Increase Your Citi Credit Card Limits

Editor’s Note: Here’s a Saturday bonus article since I didn’t technically write an article yesterday :)

Increase Your Citi Credit Card LimitsMost of the time when I get mail from Citi it’s junk mail like offers for balance transfers, adding an authorized user or those paper checks. Does anyone actually use those stupid checks that probably charge 30% interest? I sure don’t and any time I see a letter from Citi, I open it, scan it quickly and almost always throw it away. But the other day, I got an offer that was actually pretty enticing.

It read something like this: “Citi is offering you the chance to increase the limit on your Citi AAdvantage Card ending in XXXX. There is no cost and there will be no inquiry into your credit for requesting an increase. Sign on now and receive an instant decision.”

Increase my Capacity

I had to re-read the offer a couple times before it finally sank in. Citi was going to let me increase the limit on my card without doing a hard inquiry into my credit. For a professional credit card churner like me, this is the equivalent of wining the lottery a scratcher. Credit utilization is a big part of your score(30%) and the way it’s calculated is by taking all of your open balances and dividing that number by your total credit limits. On average, the lower your credit card utilization rate, the higher your score will be.

As a side note, this part of your score can be easily manipulated if you pay off all your balances(and keep them low) 2-3 weeks before you apply for a line of credit. Try to get as close to 0% utilization as possible and you’ll maximize your chances of being approved.

Hard Inquiry = Not Worth It

Nearly all banks allow you to request an increased credit line but they almost always do a hard inquiry onto your report. If you only have one or two really old cards, this might be worth it(since inquiries drop off your account completely after 2 years) but in my view you might as well just open a new card if you’re going to waste an inquiry. Credit limit increases are usually in the low thousands range if you’re lucky while you can easily get a $10,000 limit on your first card with Chase or Citi and that will help your score tremendously over the long run.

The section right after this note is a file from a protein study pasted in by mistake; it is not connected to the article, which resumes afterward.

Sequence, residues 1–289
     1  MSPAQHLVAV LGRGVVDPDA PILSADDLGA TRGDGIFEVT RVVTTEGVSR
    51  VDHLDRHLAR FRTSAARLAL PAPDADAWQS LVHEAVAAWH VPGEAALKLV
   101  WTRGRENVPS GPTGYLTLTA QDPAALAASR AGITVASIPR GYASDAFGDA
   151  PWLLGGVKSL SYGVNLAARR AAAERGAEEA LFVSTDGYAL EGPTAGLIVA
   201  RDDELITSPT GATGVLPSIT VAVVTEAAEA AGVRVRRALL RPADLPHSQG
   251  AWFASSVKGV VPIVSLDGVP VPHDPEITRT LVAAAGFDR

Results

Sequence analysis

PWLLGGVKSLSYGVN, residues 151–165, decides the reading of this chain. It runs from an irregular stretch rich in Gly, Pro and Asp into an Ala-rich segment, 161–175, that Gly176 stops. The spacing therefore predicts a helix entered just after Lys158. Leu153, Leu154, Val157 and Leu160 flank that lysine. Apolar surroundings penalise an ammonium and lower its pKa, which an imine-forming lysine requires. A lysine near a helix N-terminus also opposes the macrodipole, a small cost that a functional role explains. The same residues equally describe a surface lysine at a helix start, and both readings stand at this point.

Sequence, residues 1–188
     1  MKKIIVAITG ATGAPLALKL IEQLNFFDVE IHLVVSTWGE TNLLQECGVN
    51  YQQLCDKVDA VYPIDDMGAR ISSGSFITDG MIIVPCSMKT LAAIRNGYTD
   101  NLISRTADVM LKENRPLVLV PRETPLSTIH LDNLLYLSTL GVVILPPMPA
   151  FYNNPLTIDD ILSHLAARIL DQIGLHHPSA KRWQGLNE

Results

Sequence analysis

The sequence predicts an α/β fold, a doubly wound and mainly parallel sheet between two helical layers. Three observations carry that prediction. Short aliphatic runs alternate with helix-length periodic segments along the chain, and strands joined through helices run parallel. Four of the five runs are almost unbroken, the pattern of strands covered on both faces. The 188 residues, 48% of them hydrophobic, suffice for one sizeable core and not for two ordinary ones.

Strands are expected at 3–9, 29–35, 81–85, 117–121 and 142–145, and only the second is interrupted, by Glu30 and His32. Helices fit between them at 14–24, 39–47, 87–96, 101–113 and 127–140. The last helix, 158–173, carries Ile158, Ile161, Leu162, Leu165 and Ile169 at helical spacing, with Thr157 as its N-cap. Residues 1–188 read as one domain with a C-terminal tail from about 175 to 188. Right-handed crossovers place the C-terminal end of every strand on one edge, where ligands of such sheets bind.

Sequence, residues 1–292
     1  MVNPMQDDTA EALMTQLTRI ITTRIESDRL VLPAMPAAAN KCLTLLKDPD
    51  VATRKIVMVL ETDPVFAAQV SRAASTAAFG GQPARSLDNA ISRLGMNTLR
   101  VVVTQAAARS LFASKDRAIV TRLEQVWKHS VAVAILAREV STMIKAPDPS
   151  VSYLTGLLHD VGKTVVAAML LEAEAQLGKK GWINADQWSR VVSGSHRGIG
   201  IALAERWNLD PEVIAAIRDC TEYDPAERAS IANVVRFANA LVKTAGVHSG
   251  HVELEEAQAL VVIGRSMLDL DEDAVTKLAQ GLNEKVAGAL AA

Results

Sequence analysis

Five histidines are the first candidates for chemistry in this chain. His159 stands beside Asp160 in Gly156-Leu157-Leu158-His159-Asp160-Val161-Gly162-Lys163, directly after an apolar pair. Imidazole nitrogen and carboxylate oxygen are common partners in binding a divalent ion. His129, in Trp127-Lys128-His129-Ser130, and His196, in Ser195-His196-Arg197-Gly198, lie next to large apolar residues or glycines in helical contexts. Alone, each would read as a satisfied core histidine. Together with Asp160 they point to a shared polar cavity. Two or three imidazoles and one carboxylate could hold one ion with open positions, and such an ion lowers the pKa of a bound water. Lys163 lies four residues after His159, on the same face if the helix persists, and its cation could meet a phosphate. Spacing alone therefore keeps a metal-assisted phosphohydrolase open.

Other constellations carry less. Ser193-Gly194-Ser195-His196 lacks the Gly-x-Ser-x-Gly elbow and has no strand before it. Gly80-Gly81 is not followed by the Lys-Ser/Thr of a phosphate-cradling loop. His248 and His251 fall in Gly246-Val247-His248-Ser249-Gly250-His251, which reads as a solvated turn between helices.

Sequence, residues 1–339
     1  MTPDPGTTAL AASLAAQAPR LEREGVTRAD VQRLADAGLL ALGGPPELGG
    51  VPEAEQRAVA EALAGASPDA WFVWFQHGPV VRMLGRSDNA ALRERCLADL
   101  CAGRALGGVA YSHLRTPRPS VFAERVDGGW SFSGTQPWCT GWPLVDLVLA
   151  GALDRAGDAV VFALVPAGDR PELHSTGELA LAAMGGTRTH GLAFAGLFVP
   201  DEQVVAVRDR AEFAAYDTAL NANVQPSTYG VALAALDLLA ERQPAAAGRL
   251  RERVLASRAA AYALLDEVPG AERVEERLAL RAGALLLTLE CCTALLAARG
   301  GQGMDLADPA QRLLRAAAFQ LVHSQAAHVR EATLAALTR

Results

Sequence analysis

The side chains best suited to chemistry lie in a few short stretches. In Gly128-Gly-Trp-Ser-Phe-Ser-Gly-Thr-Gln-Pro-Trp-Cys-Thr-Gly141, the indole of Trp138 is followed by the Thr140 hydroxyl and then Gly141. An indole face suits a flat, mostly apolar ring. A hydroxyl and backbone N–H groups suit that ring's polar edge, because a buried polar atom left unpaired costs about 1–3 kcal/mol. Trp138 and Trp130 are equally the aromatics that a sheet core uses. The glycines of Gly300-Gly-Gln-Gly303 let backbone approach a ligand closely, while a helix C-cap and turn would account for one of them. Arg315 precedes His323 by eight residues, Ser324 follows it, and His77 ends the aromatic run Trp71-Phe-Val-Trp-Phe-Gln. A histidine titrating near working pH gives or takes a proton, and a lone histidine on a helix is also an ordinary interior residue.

Getting Near My Citi Credit Limit

The other reason why I really liked this offer is because I thought I was almost maxed out with my Citi credit. I have 9 Citi Cards open right now(2 Preferred, 1 Executive, 1 AA Amex, 4 AA Visa and 1 AA Visa Business) that have also netted me over 500k points in sign-up bonuses. So it’s safe to say I’ve been a pretty happy customer with Citi.  But during my last application for the Citi Executive Card, I had to call the re-consideration line and shift around some credit in order to get approved. It wasn’t a huge hassle but by increasing the limits on my current cards, it should give me some wiggle room on my next application.

Ready to Give it a Try?

I got a targeted mailing for this offer but it should be available to anyone. Even though the mailer I got was for a specific card, I was able to apply for credit limit increases on all of my cards. All you have to do is long onto and make sure you read the fine print. Unfortunately I was so excited at seeing all of my cards listed I just started applying without reading the fine print for each and every card.

For my Preferred and AA Visa cards, the fine print read:

It’s easy to find out if you qualify for a credit limit increase. A credit bureau report will not be requested and you will receive an instant decision.

For my Executive Card though, the fine print read:

It’s easy to find out if you qualify for a credit limit increase. By clicking “Continue” you understand that we will obtain a credit bureau report to evaluate your request. Our credit department will review your request within 24 hours.